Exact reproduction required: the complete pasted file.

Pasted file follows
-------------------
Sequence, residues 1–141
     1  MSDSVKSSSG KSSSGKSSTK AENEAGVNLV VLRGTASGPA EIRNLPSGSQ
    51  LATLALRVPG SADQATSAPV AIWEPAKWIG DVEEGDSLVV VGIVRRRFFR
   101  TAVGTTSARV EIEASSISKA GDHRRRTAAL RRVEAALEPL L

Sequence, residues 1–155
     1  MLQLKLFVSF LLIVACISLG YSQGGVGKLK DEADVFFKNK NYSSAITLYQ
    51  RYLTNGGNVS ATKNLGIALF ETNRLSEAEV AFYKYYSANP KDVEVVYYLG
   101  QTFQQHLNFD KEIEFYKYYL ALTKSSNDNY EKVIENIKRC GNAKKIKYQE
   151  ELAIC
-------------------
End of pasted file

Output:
Sequence, residues 1–141
     1  MSDSVKSSSG KSSSGKSSTK AENEAGVNLV VLRGTASGPA EIRNLPSGSQ
    51  LATLALRVPG SADQATSAPV AIWEPAKWIG DVEEGDSLVV VGIVRRRFFR
   101  TAVGTTSARV EIEASSISKA GDHRRRTAAL RRVEAALEPL L

Sequence, residues 1–155
     1  MLQLKLFVSF LLIVACISLG YSQGGVGKLK DEADVFFKNK NYSSAITLYQ
    51  RYLTNGGNVS ATKNLGIALF ETNRLSEAEV AFYKYYSANP KDVEVVYYLG
   101  QTFQQHLNFD KEIEFYKYYL ALTKSSNDNY EKVIENIKRC GNAKKIKYQE
   151  ELAIC